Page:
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In the 16th century, Jews were discriminated against especially in England and Venice. Christians believed that the Jewish race was inferior to them and that Jews should not be accepted into their society. The following paragraphs will explore the sufferance of and discrimination against the Jews through Shylock's speech in act one, scene three, lines 102 to 124. Firstly, the Jews are often 'rated' by Christians 'in the Rialto, as seen from the first two lines of Shylock's speech: "… many a time and oft/ In the Rialto you have rated me". 'Rated', in this context, means to berate, or, in other words, to criticise. Shylock was probably reminded of this issue through the word 'rate' in his previous speech: "…… then let me see the rate". Hence, we can see that the Jews are probably so constantly berated that this issue could create such an impact in Shylock's mind. Also, Jews of that time were probably accustomed to stoical endurance, wearing it like a 'badge', as seen in line 106: "For sufferance is the badge of all our tribe." They are called names such as "misbeliever" and "cut-throat dog", spit upon ("spit upon my Jewish gabardine"), and kicked ("foot me as you spurn a stranger cur") by Christians. This shows that they have been suffering because they collect interest for the money they lend out, as seen from line 109: "all for use of that which is mine own." This shows that Jews in Venice during the 16th century are abused mentally and physically due to the fact that they collect interest for the money which they lend out. Despite this abuse by the Christians, the Jews do not complain about their sufferings. They could only"borne it with a patient shrug". This shows that they have no human rights...
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It is interesting how social norms change over time. The Merchant of Venice was written in either 1596 or 1597. The audience of that era had a different set of social standards that we do toady. During the period in which Shakespeare writes the play, it was common for the Jew to be looked down upon. There is no proof that Shakespeare was an anti-Semite, however, he was just writing something to create humor. The humor and actions that take place in this play are construed much differently than 400 years ago. In the play the villain is a man named Shylock the Jew. He lives in Venice, Italy and works as what in the modern day would be a loan shark. There are many references to Shylock being persecuted for his religion. Shylock and Antonio (the protagonist) become enemies and Shylock says to Antonio, "You call me misbeliever, cutthroat dog, and spet upon my Jewish gabardine" (Shakespeare 35). This is just one example of the actions that occurred during that time. However, this play is supposed to be a comedy. It qualifies as a comedy solely because there are many jokes about Jews and in the end the only person who loses is the Jew. In some cases in the play characters go as far as to say that "Certainly the Jew is the very devil incarnation" (Shakespeare 47). In the play there definitely is a sense of anti-Semitism. However the play produced by the People's Light Theatre really enhanced the fact that Shakespeare was writing about a hatred of the Jews. Though, there is an underlying story completely, a main focus of the production was to make the audience understand how low the Jew was viewed compared to everything else. There are multiple examples of anti-Semitism in the...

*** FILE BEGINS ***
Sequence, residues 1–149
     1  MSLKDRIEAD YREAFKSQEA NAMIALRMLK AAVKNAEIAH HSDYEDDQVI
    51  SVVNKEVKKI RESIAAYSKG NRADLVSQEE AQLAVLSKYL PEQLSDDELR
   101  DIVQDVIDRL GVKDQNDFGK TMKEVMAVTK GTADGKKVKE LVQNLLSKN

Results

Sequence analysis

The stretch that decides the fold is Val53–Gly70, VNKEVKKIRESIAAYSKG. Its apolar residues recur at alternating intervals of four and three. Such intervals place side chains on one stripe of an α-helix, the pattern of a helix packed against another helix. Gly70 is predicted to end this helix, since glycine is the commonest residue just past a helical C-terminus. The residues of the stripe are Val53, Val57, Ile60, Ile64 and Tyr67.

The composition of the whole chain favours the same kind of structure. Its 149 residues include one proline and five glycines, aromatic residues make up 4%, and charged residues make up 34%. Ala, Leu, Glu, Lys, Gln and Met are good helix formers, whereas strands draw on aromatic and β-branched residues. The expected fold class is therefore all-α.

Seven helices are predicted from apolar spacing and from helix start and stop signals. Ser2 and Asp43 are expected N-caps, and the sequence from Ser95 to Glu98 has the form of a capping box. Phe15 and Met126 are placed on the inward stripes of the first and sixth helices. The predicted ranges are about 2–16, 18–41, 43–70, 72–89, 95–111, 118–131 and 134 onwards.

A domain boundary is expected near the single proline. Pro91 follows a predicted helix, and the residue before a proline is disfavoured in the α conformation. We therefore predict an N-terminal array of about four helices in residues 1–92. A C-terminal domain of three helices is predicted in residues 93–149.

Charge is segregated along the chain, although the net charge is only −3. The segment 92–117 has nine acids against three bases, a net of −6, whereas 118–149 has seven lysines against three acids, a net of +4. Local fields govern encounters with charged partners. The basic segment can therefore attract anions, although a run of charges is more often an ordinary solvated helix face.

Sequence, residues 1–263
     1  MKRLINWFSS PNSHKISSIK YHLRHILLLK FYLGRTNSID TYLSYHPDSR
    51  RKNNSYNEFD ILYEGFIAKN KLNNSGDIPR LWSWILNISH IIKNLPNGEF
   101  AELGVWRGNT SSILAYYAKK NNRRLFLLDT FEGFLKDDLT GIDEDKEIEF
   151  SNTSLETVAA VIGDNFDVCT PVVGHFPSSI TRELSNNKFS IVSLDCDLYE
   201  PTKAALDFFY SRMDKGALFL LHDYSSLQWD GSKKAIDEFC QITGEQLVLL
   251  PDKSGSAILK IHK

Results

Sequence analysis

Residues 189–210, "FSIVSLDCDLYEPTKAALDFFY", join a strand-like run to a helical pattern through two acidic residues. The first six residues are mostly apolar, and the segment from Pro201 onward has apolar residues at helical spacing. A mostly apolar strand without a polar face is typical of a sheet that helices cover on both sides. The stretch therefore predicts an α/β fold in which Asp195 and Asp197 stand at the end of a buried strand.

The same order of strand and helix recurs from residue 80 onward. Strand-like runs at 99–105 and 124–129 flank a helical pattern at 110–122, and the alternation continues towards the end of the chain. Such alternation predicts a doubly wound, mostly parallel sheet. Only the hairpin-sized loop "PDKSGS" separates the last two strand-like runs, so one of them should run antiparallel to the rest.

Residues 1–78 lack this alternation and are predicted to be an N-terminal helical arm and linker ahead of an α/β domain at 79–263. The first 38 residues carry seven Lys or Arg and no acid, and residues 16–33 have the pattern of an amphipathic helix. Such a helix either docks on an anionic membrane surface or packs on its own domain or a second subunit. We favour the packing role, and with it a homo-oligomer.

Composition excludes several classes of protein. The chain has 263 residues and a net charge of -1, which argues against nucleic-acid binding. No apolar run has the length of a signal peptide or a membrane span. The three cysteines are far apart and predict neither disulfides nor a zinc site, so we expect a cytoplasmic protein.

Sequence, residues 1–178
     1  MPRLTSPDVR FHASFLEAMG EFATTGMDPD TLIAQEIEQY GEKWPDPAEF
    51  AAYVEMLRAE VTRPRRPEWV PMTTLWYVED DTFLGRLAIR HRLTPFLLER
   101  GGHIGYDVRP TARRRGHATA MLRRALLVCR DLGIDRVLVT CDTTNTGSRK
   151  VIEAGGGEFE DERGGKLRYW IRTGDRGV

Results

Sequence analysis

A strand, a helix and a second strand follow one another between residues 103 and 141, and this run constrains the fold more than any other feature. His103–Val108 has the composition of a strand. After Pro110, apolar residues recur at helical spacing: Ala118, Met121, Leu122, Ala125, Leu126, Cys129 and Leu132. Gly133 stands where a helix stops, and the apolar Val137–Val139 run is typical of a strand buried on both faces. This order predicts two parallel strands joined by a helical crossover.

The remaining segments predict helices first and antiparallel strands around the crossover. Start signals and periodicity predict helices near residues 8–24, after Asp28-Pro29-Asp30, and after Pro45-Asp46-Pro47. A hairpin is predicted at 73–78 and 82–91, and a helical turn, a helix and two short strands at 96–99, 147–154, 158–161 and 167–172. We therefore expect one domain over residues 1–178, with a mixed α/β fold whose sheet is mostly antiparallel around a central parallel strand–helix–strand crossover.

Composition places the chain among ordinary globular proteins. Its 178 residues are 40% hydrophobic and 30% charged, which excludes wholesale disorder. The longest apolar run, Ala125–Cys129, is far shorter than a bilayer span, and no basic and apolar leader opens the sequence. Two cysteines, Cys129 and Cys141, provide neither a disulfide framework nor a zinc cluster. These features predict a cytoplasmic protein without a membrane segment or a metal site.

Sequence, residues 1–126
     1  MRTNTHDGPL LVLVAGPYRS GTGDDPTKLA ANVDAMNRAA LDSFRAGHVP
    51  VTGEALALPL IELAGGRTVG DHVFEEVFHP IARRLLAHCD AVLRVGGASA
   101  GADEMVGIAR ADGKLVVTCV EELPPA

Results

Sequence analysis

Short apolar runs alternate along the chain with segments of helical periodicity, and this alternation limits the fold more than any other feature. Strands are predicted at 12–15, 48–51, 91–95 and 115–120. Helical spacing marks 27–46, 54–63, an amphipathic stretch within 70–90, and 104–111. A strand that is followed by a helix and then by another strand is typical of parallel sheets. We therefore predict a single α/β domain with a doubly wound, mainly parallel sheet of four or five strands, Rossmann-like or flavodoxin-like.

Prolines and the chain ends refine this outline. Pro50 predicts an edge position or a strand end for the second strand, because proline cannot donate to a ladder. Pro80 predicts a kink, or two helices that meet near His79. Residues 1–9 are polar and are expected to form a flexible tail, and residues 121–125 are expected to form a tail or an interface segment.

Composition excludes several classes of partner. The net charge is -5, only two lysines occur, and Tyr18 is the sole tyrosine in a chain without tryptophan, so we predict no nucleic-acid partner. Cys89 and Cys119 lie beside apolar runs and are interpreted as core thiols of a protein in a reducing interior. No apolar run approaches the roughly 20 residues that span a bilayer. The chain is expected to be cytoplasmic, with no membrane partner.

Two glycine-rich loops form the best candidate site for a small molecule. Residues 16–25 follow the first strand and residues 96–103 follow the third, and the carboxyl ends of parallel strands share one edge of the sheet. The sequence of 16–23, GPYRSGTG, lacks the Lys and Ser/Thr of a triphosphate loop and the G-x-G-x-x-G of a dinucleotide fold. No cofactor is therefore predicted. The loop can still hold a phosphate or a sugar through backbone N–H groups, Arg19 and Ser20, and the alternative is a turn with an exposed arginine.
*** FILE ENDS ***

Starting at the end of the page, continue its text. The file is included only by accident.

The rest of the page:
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In Much Ado About Nothing, most of the characters had interesting relationships with each other. For example, Hero and Claudio, were deeply in love. Also, Don Juan, and Don John were fighting with each other. Another example was the close friendship between Benedick, Claudio, and Don Juan. But the relationship between Benedick and Beatrice was different than the others. In their relationship, they hated each other, that brought them together. Their personalities were so similar, that it made them sick of each other, but the similarities in their personalities is also what brought them together. Benedick was a smart, good-looking, and funny guy. He was very witty, and always had a response to anyone's comments. For example, when he was talking to Beatrice, he always had a comment to finish of the conversation. He also didn't like the idea of marriage. Benedick thought that marriage led to the trapping of men. When he heard about Claudio getting married, Benedick thought that Claudio was crazy, because Benedick felt that marriage was going to change the way Claudio lived. Benedick was also very stubborn. He never wanted to give into other people's ideas, and that was why he didn't want to give into the idea that marriage could be a good thing in a person's life. Beatrice was a character very similar to Benedick. She was a very independent person, and didn't want to rely on anyone for support. She also was very smart. She enjoyed reading poetry, and thought about things a lot. She also was against marriage. During one conversation, she even said that she would rather die than get married. Another characteristic of Beatrice was that she was very emotional. She often changed her mood all of a sudden for no apparent reason. Also, Beatrice kept many of her...